Being specific here is even more important. You need to really think about your problem and spell it out in plain english. If your query, or task, involves data inputs and outputs then by all means, include a representative example of inputs and outputs. If your query refers to a Perl syntax error, or warning then you need to include the text of that error/warning as well as providing the code that causes that message. Which brings up a second point about content -- providing a relevant code snippet. Sometimes you may have a largish program that is giving you trouble -- try not to post the whole program, just the portion relevant to the problem. Better yet, try to code a small and self-contained program that uses the construct and exhibits the same behaviour -- quite often this step alone will assist you in finding, and correcting, your problem without posting a query at all.
Any included code should not be typed into the message, you should cut and paste, or otherwise insert, the real code into the message. No one wants to waste time finding your typos (if they aren't the real problem).
Perl has two features to help you find problems in your code: the -w switch, and the 'strict' pragma. If at all possible, start your code with the following two lines:
#!/usr/bin/perl -w use strict;
(adjusting for your real path to perl). These will help you avoid or at least locate many problems in your code. If you are replying with code, using code that is -w and strict compliant is a good idea, and testing your code before posting is highly recommended.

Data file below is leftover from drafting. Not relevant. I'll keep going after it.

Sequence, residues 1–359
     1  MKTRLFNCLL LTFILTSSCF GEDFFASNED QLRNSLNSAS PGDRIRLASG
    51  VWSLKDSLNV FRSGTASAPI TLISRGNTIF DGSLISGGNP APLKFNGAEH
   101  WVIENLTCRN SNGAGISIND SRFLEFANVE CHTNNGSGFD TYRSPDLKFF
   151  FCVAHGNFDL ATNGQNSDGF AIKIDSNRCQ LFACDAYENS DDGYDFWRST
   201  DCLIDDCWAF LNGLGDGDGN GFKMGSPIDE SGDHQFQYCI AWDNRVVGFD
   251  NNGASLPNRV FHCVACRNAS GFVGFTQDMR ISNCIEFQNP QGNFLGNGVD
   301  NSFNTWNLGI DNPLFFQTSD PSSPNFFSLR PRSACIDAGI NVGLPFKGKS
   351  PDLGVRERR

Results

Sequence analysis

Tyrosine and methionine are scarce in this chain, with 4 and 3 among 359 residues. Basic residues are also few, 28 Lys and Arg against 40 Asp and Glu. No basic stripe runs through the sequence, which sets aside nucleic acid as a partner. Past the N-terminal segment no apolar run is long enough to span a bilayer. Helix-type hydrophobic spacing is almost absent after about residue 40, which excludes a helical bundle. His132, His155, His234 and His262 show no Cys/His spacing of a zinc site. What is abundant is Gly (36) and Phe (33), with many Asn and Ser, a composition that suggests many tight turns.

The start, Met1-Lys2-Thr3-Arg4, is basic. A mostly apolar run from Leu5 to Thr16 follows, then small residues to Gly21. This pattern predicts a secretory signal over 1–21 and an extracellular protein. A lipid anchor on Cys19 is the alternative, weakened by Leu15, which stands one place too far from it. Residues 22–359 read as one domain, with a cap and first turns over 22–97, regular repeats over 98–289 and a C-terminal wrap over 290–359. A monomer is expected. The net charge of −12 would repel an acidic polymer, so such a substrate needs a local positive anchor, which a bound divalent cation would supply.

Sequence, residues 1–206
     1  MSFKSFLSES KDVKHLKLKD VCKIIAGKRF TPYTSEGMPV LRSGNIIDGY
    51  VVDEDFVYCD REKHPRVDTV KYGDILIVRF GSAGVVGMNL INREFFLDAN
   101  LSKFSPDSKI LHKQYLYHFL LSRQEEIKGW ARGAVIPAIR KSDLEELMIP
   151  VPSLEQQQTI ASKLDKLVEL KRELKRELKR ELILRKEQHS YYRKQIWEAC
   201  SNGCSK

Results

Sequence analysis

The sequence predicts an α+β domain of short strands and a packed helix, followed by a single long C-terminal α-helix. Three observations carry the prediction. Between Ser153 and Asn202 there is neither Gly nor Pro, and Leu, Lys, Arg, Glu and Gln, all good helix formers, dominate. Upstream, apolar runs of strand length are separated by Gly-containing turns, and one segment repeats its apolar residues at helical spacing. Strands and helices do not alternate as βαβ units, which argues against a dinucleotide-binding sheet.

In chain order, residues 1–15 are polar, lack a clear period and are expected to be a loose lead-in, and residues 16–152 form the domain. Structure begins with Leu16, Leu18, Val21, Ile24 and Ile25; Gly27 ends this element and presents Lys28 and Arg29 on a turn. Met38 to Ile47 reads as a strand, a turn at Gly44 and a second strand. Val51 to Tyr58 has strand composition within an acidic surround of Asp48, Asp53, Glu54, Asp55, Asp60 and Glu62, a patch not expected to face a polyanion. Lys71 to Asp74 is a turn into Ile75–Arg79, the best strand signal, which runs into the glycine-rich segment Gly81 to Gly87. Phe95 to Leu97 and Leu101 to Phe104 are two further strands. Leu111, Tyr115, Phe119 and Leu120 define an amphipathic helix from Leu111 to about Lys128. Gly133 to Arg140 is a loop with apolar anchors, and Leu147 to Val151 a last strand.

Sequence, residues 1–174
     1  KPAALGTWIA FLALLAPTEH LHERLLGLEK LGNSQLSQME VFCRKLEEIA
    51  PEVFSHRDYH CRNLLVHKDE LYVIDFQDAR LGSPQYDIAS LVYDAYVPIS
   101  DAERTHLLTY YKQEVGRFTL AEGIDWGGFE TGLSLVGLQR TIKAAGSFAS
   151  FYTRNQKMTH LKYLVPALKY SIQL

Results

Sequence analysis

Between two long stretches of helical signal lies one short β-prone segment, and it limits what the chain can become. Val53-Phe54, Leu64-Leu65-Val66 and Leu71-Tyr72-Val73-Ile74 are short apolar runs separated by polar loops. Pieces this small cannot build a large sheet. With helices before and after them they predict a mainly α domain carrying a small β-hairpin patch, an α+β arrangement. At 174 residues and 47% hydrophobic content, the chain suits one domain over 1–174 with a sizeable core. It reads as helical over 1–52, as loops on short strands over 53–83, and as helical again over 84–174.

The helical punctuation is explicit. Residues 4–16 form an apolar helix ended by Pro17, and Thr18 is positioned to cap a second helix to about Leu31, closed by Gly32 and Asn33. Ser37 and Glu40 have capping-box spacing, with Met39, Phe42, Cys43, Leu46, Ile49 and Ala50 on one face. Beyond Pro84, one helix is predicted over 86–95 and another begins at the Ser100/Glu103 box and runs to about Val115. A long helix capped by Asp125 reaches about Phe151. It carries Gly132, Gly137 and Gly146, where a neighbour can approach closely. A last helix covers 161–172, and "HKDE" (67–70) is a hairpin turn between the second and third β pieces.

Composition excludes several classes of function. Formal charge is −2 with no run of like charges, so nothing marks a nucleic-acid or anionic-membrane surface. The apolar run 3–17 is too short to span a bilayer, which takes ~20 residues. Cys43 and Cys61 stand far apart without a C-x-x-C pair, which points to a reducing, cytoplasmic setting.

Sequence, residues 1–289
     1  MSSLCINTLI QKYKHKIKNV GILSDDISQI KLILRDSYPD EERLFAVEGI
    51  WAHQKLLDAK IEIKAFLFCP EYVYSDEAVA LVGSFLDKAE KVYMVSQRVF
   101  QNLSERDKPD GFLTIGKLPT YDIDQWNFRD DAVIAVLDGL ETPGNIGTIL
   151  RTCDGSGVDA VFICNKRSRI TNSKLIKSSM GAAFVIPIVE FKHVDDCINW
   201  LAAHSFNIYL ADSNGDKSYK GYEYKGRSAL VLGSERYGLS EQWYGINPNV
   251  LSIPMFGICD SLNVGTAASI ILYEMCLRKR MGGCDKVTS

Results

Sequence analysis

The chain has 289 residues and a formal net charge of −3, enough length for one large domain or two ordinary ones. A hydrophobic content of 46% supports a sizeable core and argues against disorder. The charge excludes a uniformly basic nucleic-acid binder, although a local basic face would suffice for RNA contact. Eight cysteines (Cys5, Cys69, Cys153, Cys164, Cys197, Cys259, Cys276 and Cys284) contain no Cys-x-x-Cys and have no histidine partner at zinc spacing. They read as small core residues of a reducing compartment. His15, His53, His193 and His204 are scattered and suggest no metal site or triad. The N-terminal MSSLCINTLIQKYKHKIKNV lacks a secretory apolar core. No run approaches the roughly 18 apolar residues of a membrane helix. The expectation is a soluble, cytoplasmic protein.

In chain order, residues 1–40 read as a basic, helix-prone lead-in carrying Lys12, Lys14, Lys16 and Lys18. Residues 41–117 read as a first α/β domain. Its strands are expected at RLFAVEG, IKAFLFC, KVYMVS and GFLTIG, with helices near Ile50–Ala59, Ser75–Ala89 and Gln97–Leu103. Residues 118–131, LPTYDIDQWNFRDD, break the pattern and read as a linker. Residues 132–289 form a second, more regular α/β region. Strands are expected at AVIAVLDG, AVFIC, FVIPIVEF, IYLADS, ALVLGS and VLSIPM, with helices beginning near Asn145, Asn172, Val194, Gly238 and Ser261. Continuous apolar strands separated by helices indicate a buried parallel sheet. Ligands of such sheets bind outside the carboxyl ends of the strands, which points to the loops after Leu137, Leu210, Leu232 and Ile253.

3: Checking other resources first
Perl comes with a very large amount of documentation that is sitting right there on your hard drive for you to use. Learning to make good use of this resource is very important. This documentation takes the form of manpages, HTML pages, or some other form depending on how it was installed. Whatever format(s) it was installed in, it will still be available to you as plain POD files and can be accessed using the included perldoc utility. For example, in a shell or console window:
perldoc perl <== brings up the introductory perl manpage perldoc perlfaq <== brings up introductory faq manpage perldoc perlre <== brings up the perlre manpage perldoc perlfunc <== bring up the perlfunc manpage
Additionally, individual entries in the perlfunc manpage (where perl built-in functions are described) can be accessed directly using the -f option for perldoc: